THE boss of Asda, the UK's second biggest supermarket chain, turned up the heat on Tesco as he pledged to step up its price guarantee scheme.
Andy Clarke said the grocer, which has more than 540 stores in Britain, has “only just scratched the surface” of the pricing strategy which allows customers to check receipts and receive a refund if their Asda shop is not 10% cheaper than its rivals.
In a further bid to boost its sales, Asda has launched a regular study of mothers who shop at the chain so it can further tailor its offering to its key demographic.
In its new study – dubbed the Mumdex – Asda interviewed around 4,000 mothers and discovered 75% had lower disposable incomes than a year ago.
Britain’s supermarkets have been embroiled in an intense price war since Tesco unveiled its £500m Big Price Drop last October, with Sainsbury’s launching its Brand Match scheme shortly after.
But Tesco recently admitted its pricing strategy had failed after a disappointing Christmas period saw like-for-like sales excluding VAT and petrol drop 2.3%.
Asda was able to take market share from its number one competitor as it saw like-for-like sales, excluding VAT and petrol, grow 1% in the 14 weeks to January 7, although this was a slight slowdown on the previous quarter when sales were up 1.3%.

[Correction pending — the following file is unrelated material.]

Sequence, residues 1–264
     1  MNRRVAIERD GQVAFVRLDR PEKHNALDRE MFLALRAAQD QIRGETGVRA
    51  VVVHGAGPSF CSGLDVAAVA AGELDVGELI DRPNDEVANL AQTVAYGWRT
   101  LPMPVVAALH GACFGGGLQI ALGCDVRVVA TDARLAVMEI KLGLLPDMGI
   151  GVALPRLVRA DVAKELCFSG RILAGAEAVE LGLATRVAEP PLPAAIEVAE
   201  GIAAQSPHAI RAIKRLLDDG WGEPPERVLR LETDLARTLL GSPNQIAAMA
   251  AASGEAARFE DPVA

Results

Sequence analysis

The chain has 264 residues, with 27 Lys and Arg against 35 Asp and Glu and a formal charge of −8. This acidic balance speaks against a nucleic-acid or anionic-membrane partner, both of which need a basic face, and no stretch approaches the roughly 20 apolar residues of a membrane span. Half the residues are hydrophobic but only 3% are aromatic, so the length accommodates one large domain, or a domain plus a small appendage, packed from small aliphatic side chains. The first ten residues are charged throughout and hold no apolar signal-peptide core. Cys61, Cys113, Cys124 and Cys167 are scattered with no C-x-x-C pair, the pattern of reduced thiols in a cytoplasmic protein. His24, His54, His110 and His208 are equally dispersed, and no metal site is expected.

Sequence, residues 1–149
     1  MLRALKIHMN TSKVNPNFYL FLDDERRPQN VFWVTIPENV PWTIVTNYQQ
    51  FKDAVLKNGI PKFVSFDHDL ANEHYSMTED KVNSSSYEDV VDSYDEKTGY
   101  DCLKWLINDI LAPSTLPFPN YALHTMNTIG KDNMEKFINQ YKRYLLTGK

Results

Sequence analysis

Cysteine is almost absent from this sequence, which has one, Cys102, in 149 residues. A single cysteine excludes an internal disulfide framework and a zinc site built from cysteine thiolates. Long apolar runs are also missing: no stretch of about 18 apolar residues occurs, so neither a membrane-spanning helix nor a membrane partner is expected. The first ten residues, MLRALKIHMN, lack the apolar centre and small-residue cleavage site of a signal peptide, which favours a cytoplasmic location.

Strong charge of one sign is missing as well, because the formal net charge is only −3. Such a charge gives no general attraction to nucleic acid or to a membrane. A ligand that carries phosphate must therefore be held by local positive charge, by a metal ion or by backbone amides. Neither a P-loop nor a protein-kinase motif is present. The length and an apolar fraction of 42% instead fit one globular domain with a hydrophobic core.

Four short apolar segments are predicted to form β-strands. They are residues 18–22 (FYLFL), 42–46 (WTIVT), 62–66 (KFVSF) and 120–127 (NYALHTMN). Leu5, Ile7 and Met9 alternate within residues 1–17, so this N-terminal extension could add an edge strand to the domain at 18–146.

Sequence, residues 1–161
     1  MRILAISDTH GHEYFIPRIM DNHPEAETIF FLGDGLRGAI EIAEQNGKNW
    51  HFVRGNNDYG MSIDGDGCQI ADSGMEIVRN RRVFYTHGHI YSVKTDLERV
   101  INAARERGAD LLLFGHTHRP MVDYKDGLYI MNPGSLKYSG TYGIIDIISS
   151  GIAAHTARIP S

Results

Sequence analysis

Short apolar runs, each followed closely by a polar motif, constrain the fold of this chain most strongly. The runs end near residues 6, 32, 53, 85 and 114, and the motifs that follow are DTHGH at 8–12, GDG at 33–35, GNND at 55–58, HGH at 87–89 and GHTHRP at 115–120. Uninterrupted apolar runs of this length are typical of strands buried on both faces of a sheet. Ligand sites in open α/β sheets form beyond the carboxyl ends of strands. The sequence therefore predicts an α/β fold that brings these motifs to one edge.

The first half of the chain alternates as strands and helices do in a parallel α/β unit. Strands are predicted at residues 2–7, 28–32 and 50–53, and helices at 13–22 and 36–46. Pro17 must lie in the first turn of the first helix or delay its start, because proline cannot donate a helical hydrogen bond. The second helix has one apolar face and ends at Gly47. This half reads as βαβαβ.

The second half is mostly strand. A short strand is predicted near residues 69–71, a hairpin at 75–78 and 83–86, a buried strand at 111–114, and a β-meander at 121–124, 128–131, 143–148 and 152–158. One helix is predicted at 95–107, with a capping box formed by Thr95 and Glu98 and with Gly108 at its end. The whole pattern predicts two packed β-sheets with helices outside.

The supermarket, whose customers are 80% women, found that 42% of respondents had been forced to accept a household pay cut or freeze while 23% are borrowing to get by.
The study said: “Mums are having to tighten the purse strings just to stay afloat.
“With lower wages and higher living costs, it is not just the big monthly payments like mortgages that are causing pressure. Day-to-day living costs such as food and utility bills are causing problems too.”
Meanwhile, Asda said it would invest more than £15m in rolling out its Butcher’s Selection range and £1.6m in improving its fish counters.
The Asda Price Guarantee saw more than one million customers check their receipts per week in December before coming back down to settle at 500,000 per week.
Last month, Asda unveiled plans to create some 5,000 jobs this year in a £500m expansion drive.
Its plans include 25 new stores, 43 refurbishments of existing outlets and investing in three new depots.
Last year, the group took on 30,000 staff when it opened about a dozen stores and absorbed 147 Netto sites and their staff following its acquisition of the discount chain.